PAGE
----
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How the MTA Uses the Pandemic to Freeze Out the Homeless

Issue 262

Reduced overnight service, benches removed, loitering laws limiting time spent in subway stations, and the shelters are overflowing. Where to go?

Jordan G. Teicher Mar 15

At one of his daily press briefings last April, Governor Andrew Cuomo held up the front page of the Daily News, which featured a photo of homeless New Yorkers camped out in a subway car.

“That is disgusting, what is happening on those subway cars,” he said. He called those conditions “disrespectful” to essential workers, who need public transportation to get to their jobs.

“These kinds of policies from the MTA really only exacerbate that trauma and compound the difficulties of trying to survive on the streets.”

The moment might have seemed like just another one of the governor’s “New York tough” poses. But the day after Cuomo’s press briefing, the Metropolitan Transportation Authority, which the governor effectively controls, updated its Code of Conduct with new emergency rules ostensibly meant to “maintain social distancing” and “safeguard public health and safety.” One rule forbids the use of wheeled carts greater than 30 inches long or wide. Another forbids passengers from remaining in a station for more than an hour.

Since the one-hour rule makes exceptions for a litany of activities—including political campaigning, public speaking, and artistic performances—advocates argue that its real intention was to keep homeless New Yorkers out of the subway system.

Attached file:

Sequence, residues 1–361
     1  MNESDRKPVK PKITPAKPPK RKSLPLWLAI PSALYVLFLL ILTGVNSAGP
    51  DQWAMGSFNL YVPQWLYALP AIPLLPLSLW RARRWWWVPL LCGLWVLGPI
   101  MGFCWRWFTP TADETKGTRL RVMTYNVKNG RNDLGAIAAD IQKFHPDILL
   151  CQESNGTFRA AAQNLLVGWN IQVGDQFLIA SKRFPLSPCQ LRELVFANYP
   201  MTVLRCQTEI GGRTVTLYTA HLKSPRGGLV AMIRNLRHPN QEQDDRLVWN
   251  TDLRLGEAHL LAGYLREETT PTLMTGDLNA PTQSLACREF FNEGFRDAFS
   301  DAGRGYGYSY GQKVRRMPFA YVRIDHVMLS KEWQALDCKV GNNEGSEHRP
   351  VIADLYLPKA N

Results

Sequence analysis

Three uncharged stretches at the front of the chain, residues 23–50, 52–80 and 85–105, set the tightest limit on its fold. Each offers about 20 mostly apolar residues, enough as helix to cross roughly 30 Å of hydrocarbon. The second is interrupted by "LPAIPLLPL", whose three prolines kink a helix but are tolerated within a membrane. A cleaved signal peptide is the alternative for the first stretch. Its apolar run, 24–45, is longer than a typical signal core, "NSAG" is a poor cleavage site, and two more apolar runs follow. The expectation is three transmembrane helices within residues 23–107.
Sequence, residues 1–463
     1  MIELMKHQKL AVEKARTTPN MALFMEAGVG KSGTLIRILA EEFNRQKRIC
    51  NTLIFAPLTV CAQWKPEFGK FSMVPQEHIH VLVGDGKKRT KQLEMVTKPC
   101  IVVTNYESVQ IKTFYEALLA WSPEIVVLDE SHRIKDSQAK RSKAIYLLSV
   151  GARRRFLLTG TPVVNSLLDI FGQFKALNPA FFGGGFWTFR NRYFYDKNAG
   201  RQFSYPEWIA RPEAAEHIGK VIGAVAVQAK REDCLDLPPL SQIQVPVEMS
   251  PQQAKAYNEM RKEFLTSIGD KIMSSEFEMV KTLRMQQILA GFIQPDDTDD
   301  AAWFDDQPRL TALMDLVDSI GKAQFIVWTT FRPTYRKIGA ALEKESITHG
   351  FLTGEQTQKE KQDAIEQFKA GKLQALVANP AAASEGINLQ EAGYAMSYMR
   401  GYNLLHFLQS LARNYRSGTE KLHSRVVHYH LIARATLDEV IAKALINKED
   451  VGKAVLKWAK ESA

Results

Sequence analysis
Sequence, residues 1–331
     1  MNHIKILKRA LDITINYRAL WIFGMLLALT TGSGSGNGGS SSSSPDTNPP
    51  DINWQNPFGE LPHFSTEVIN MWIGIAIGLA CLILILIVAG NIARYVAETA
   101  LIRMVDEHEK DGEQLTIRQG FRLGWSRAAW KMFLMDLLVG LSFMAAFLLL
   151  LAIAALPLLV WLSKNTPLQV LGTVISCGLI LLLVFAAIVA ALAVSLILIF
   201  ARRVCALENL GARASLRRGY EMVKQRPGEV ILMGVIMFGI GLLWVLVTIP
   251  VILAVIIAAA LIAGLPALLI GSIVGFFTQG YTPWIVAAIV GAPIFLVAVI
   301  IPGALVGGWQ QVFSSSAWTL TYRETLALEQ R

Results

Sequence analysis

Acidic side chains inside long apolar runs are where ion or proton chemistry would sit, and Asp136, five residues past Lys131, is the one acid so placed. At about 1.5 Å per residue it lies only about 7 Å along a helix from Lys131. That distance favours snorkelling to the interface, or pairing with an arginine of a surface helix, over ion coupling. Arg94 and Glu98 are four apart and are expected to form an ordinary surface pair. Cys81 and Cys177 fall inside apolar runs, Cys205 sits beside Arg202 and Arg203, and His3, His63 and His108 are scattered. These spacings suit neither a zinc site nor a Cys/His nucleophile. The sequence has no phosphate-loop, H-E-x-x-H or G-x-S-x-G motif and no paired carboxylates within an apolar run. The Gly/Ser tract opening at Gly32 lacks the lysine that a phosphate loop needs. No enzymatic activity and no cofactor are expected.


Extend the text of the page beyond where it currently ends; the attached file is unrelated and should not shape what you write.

The MTA made the emergency rules permanent last September.

“Folks who are unsheltered and take refuge on the subways have seen a huge reduction in the number of resources throughout the city to meet their basic needs. People’s lives have changed for the worse,” says Giselle Routhier, policy director at the Coalition for the Homeless. “These kinds of policies from the MTA really only exacerbate that trauma and compound the difficulties of trying to survive on the streets.”

In February, Barry Simon, a disabled 55-year-old man who’s experienced homelessness since the 1980s, filed a lawsuit against the MTA charging that the policies are discriminatory, backed by two homeless-advocacy groups, Picture the Homeless and the Urban Justice Center’s Safety Net Project.

He says he was forced to leave the subway dozens of times, and was often threatened with arrest or the seizure of his belongings. “They’d actually start writing up the ticket, and once I kind of envisioned all I’d have to do to get my stuff back, I’d just be like ‘OK, officer, I’m gonna get off the train now, and you won’t see me anymore,’” he told the Indypendent from the Queens hotel where he’s been staying since February.

The MTA has said that the rules were designed only to “protect the health and safety of customers and employees in the midst of a global pandemic.” In a statement to the Indypendent, MTA spokesman Andrei Berman said that “sheltering in the transit system is not a solution to a severe housing, mental-health and substance-abuse crisis that needs an effective and holistic response from the city.” Any suggestion otherwise, Berman said, is “a gross misunderstanding of the problem.”

• • •

Danny Pearlstein, policy and communications director of the Riders Alliance, said he agrees with the MTA—to an extent. He doesn’t believe that public transit is the answer to the housing crisis. But, he says, the solution is “to make it so that no one has to live there—not to complicate the lives of the people who do.” And he says that power lies squarely with Cuomo.

“The governor is the governor of the housing crisis, as well as the transit crisis,” he said.